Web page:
By now we’ve all seen the best selfie ever. (See below in case you have been living under a proverbial rock.) How could you not love this photo? The spontaneity, casualness and silliness of it made it go viral instantly. So much so that it not only set the record for the highest number of retweets (more than 2.5 million right now and 700,000 in the first hour), which was Ellen’s goal, but it also crashed Twitter.
Ever been checking out a brand’s Facebook page and noticed that their posts are obviously being written by a couple different people? Yikes! That’s no good. With strapped marcom budgets, reduced staff and large workloads, many brands rely on several different people to post to their social pages and profiles. How can can a brand ensure that all the people posting on behalf of the brand are singing in the same voice rather than their own?
Each person posting needs to understand and embrace the brand’s personality. Is the brand formal or more casual? Is the brand fun or serious? Ultimately, the brand’s personality needs to be determined by the executive team and everyone, from the top down, needs to buy into it. Once the brand’s personality has been established, the marketing team needs to figure out how to marketing materials will reflect it.
We’ve all encountered negativity in the social space. It often comes in the form of nasty reviews, personal attacks, brand bashing, even bullying behavior. But it can also come in the form of a frustrated customer seeking assistance for an issue or answer to a question.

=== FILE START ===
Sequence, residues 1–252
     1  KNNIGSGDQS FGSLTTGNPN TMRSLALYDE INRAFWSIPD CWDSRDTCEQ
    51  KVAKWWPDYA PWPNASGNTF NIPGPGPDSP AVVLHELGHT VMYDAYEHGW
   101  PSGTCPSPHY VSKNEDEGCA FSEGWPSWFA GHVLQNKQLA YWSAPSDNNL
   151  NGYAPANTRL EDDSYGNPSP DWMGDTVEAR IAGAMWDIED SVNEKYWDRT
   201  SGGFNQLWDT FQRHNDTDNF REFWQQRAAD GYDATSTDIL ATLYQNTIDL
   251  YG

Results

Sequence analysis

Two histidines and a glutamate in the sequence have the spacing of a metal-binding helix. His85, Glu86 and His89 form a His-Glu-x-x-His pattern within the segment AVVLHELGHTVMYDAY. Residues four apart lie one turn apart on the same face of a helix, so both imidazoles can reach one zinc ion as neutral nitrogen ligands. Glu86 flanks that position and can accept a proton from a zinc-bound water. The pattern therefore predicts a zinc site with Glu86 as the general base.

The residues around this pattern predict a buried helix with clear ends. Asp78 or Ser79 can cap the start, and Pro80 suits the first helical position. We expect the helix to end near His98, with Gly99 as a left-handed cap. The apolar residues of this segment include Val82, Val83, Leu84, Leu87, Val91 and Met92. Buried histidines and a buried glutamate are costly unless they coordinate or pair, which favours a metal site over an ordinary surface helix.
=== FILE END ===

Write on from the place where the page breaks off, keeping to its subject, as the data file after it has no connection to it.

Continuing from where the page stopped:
First let’s address the haters, bashers, trolls and bullies…
A while back when I had more time on my hands, I used to blog about issues, often politically-charged ones, that were near and dear to my heart. One post that was inspired by several back-to-back incidents of horrible parenting I had witnessed garnered one response that crossed the line from critical comment to targeted personal attack. Although the comment was posted anonymously, given the content of the attack and the poor grammar, which was a thinly-veiled attempt to disguise the commenter’s identity, I know exactly who authored the comment. I did post a response, but what I realized afterward was that I didn’t need to. Why? Because my supporters came out in full force to defend me. Turns out there were many people who read my post and agreed with me and were more than happy to put my attacker in her place.
In our Audience Insight class during my Master’s program, we learned about the theory of self-discrepancy and how the differences between our actual selves (how we really are), our ideal selves (how we want to be perceived) and our ought selves (how we think others want us to be) apply to consumer behavior. For instance, we often make purchases based on our ideal or ought selves rather than our actual selves. This theory got me thinking about how we present ourselves online. Check out this infographic based on an Intel study. It’s clear that many people lie on social profiles for the purpose of improving how they appear to others.
As you post on social sites and/or on your blog, do you present yourself as you actually are? Or do you present yourself as the person you’d like to be? Or the person you think people want you to be? Or do you fall somewhere in between?